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  • Author or Editor: Damian Alan Pargas x
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Slave flight in the antebellum South did not always coincide with the political geography of freedom. Indeed, spaces and places within the South attracted the largest number of fugitive slaves, especially southern cities, where runaway slaves attempted to pass for free blacks. Disguising themselves within the slaveholding states rather than risk long-distance flight attempts to formally free territories such as the northern us, Canada, and Mexico, fugitive slaves in southern cities attempted to escape slavery by crafting clandestine lives for themselves in what I am calling “informal” freedom—a freedom that did not exist on paper and had no legal underpinnings, but that existed in practice, in the shadows. This article briefly examines the experiences of fugitive slaves who fled to southern cities in the antebellum period (roughly 1800–1860). It touches upon themes such as the motivations for fleeing to urban areas, the networks that facilitated such flight attempts, and, most importantly, the lot of runaway slaves after arrival in urban areas.

In: Journal of Early American History

Between the American Revolution and the outbreak of the Civil War almost a million American-born slaves were relocated from the Upper South and eastern seaboard to the ever-expanding southern interior. An outpouring of historical research has greatly contributed to our understanding of the political, economic, demographic, and business aspects of interregional slave migration in the antebellum period, but as yet relatively few studies have examined the ways in which early-nineteenth-century slaves anticipated and reacted to the prospect of interstate migration, the ways in which they attempted to resist or negotiate the terms of their migration, or their motivations for doing so. Drawing from slave narratives and interviews, travel accounts, southern newspapers, and plantation records, this study briefly explores the ways in which slave migrants (and their loved ones) experienced and dealt with the news of forcible removal across state lines in early-nineteenth-century America, with a particular emphasis on the theme of family separation as a motivating factor behind their actions and reactions.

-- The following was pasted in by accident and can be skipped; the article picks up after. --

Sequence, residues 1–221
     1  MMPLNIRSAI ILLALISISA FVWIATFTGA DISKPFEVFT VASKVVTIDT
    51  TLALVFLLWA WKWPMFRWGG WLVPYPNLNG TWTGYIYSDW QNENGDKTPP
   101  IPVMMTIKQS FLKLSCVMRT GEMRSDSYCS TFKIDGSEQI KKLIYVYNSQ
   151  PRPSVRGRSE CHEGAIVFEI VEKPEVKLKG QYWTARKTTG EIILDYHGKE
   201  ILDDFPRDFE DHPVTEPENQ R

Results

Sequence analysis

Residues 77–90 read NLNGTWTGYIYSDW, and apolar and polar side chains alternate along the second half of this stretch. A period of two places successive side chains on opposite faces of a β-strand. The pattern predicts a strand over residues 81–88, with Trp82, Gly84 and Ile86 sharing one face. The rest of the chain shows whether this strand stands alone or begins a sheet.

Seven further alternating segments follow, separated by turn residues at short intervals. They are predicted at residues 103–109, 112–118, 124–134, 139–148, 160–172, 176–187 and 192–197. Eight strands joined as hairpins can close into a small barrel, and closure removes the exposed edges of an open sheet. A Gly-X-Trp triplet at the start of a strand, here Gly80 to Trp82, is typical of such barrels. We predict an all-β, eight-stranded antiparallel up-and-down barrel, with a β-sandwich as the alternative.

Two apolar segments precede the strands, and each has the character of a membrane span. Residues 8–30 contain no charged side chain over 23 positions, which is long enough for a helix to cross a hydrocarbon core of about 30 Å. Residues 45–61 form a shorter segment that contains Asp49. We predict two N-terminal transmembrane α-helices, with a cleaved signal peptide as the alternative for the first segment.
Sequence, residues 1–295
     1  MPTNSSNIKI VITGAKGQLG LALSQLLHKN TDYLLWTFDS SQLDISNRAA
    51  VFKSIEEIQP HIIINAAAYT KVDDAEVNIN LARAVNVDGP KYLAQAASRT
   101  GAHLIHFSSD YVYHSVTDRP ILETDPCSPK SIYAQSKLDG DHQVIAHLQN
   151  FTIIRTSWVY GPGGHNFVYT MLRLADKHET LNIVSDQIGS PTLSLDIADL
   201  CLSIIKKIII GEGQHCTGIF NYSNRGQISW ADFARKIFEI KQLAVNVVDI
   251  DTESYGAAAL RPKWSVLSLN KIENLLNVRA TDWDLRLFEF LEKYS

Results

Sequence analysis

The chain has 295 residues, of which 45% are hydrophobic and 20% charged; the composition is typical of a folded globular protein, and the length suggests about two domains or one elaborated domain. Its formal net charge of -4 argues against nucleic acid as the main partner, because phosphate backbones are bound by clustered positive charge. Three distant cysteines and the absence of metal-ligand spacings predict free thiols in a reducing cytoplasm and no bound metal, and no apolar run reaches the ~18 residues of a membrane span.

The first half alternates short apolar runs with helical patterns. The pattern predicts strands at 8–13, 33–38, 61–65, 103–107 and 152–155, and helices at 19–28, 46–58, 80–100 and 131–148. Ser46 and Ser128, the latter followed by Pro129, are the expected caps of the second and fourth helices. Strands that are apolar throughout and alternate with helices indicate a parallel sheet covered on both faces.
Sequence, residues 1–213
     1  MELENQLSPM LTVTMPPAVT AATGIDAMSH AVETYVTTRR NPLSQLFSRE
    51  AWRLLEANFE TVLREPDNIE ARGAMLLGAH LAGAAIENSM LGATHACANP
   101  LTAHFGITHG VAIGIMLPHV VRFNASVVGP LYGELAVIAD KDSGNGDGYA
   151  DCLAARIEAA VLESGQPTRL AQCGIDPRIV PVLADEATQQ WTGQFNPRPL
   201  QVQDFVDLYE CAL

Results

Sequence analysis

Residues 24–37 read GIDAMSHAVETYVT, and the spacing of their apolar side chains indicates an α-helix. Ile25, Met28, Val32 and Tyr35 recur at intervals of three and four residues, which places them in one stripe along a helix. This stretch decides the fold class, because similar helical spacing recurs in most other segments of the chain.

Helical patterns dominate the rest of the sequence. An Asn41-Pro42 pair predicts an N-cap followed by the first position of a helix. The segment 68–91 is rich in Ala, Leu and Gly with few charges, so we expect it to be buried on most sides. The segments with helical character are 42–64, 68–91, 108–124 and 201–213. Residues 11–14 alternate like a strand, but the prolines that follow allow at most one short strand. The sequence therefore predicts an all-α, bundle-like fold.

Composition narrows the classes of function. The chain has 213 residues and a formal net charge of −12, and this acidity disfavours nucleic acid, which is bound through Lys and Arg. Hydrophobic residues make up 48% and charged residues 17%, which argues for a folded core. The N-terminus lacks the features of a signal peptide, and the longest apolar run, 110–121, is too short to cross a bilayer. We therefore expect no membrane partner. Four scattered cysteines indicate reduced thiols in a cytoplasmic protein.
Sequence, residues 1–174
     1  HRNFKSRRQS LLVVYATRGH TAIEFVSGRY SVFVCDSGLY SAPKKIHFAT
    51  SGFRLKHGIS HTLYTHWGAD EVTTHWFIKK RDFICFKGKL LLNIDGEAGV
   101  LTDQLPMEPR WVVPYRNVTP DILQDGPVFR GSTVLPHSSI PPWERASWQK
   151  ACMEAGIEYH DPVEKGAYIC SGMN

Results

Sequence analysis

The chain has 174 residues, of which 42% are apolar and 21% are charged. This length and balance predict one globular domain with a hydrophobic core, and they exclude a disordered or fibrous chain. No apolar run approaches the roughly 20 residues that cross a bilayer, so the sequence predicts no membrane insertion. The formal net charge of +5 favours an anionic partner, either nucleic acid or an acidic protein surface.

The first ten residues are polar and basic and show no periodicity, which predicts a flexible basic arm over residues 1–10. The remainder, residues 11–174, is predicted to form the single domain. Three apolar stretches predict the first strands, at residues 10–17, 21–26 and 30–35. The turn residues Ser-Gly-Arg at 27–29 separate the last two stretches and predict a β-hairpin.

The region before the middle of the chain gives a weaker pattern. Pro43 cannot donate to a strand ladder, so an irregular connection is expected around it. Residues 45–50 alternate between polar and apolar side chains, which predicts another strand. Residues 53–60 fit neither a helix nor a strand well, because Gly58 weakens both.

In: Journal of Early American History
In: Journal of Global Slavery
The study of slavery has grown strongly in recent years, as scholars working in several disciplines have cultivated broader perspectives on enslavement in a wide variety of contexts and settings. Critical Readings on Global Slavery offers students and researchers a rich collection of previously published works by some of the most preeminent scholars in the field. With contributions covering various regions and time periods, this anthology encourages readers to view slave systems across time and space as both ubiquitous and interconnected, and introduces those who are interested in the study of human bondage to some of the most important and widely cited works in slavery studies.
In: Critical Readings on Global Slavery
In: Critical Readings on Global Slavery
In: Critical Readings on Global Slavery
In: Critical Readings on Global Slavery
In: Critical Readings on Global Slavery
Cultural Identities, Ideologies, and Institutions in the Evolution of Global Slavery
In Slaving Zones: Cultural Identities, Ideologies, and Institutions in the Evolution of Global Slavery, fourteen authors—including both world-leading and emerging historians of slavery—engage with the ‘Slaving Zones’ theory. This theory has recently taken the field of Mediterranean slavery studies by storm, and the challenge posed by the editors was to see if the ‘Slaving Zones’ theory could be applied in the wider context of long-term global history.

The results of this experiment are promising. In the Introduction, Jeff Fynn-Paul points out over a dozen ways in which the contributors have added to the concept of ‘Slaving Zones’, helping to make it one of the more dynamic theories of global slavery since the advent of Orlando Patterson’s Slavery and Social Death.